"I know it has been happening for several years now given that technology allows for many types of jobs to be done remotely from anywhere in the world, but where will it end?
"Yes, Bermuda is an expensive place in which to live and do business, but that includes professional services. The Chamber has run a ‘Buy Bermuda’ and now a ‘Go Local’ campaign for several years now to encourage the population at large to support local businesses and the same appeal extends to business operating here."
Mr Jensen said to stem the out flow and improve the economy: "Members of the BEC expressed the need for a more welcoming business environment by changing the term limits policy, reviewing work permit policies with growth of the economy and enhancing our international competiveness as objectives.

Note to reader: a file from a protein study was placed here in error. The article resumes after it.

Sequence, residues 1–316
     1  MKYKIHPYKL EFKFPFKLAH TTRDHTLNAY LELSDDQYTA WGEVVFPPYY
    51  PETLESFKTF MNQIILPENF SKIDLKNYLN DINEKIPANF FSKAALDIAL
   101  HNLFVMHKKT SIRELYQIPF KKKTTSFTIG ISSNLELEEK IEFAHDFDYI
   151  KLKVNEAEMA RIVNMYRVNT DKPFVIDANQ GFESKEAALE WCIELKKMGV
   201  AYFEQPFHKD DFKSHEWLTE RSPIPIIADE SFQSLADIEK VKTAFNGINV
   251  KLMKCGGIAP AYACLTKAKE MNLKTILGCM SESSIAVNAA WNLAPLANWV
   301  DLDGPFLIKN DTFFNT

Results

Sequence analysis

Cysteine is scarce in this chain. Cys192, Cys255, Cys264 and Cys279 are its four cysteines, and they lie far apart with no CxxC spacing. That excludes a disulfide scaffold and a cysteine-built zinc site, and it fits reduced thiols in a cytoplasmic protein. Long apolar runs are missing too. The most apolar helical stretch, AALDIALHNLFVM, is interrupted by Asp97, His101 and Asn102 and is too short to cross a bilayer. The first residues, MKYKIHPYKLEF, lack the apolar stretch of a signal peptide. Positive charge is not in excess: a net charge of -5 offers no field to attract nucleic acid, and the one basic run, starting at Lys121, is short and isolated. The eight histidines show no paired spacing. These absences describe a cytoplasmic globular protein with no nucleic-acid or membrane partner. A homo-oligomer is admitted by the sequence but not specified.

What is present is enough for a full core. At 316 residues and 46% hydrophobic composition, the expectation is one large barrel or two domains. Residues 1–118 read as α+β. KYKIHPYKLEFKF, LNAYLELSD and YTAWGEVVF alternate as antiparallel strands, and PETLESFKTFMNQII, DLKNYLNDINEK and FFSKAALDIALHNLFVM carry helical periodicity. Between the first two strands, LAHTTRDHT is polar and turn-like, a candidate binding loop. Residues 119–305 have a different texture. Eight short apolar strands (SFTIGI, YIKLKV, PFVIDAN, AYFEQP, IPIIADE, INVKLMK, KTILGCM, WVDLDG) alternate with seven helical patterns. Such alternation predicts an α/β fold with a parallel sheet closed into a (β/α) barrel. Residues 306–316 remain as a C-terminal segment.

"Government has made some headway incorporating the right principles in the 10-year work permit policy and the Incentives for Job Creators Act; but the details such as the fees and the criteria for a successful application may inhibit significant uptake.
Mr Jensen added: "Costs for local and international businesses are an issue. As Bermuda’s costs in some areas-- rent, salaries, payroll taxes for retail/hotels/restaurants and the suspensions of pension contributions-- have improved our competiveness and in some cases maintained employment, other countries’ cost structures have also declined improving their ability to compete. The difference is our competitors react more quickly and meet international investor’s needs with flexibility. "
Premier and Finance Minister Paula Cox is travelling but Government plans to comment on the outsourcing issue for a further article to run tomorrow.
Posted by Veronica Silva Cusi, news correspondent